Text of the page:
I was teaching a Mental Health First Aid certification course, this weekend, when I got into a lunch conversation about gardening and canning fruits and vegetables. One of the participants was an avid gardener who told me that she was often chastized for the work it took to create and maintain a garden and can your own food. Other people at the table were also gardeners (on a smaller level), and the conversation turned positive. They indicated that they have noticed that in today’s world, gardening is making a comeback for many reasons. Then, I was asked, “Why did you start gardening?”
Well, I come from a large family where I was the oldest of my siblings. My mother had a small garden, and I was the only one mesmerized, from an early age, with the idea that we can work this piece of dirt, plant a seed or two, and somethng amazing grows. From that plant, we can be nourished. During my youth, as I heard the biblical stories of Creation, I automatically equated Mom’s little garden to how God created man in a garden. Since then, I have always tended a garden of some semblence.
I guess you can call my garden, “My Happy Place.” It’s my stress reliever, my exercise, my place of silence and peace, my shared experience with my family and friends who have become part of our family, and my place of shared creation. It is my outdoor place where I can be still and pray or meditate or just breathe and listen to the sounds around me. We also use the garden as the backdrop for outdoor activities and gatherings and as a place to teach others about growth, health, food, and canning. As the space develops into something more and more beautiful, we will use it for more… or less… depending on what our needs or calling might be.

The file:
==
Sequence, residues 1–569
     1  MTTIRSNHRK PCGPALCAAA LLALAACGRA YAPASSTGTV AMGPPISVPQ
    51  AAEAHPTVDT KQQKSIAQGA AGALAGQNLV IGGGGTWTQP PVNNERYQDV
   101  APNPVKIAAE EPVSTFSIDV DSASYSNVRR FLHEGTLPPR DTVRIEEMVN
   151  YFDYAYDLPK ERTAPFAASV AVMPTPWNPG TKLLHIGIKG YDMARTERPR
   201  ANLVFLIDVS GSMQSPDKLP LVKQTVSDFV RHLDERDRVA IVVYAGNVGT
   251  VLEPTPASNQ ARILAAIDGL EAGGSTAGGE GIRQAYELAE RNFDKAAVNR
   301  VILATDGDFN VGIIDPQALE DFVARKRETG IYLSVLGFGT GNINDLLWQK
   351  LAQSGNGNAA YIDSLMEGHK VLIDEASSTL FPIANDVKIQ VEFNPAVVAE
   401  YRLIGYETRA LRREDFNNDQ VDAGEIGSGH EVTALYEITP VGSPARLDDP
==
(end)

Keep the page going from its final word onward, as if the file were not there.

To me, my garden depicts life in all of its beauty. It has strengths and weaknesses which are influenced by the environment and the people it encounters. My gardens have experienced some disasters (like last year’s wide-spread blossom-end rot) which have taught me some resiliency skills, as well as some patience. Each time, though, the garden and I have bounced back and remained alive and kicking. Overall, like life, the garden provides many more positive things than negative, and it always bounces back to being a productive life. It symbolizes the life cycle and how, if nurtured, a life can and will thrive. My gardens give me more than plants and food: My gardens provide feelings of hope and faith, and well…
…isn’t that everything?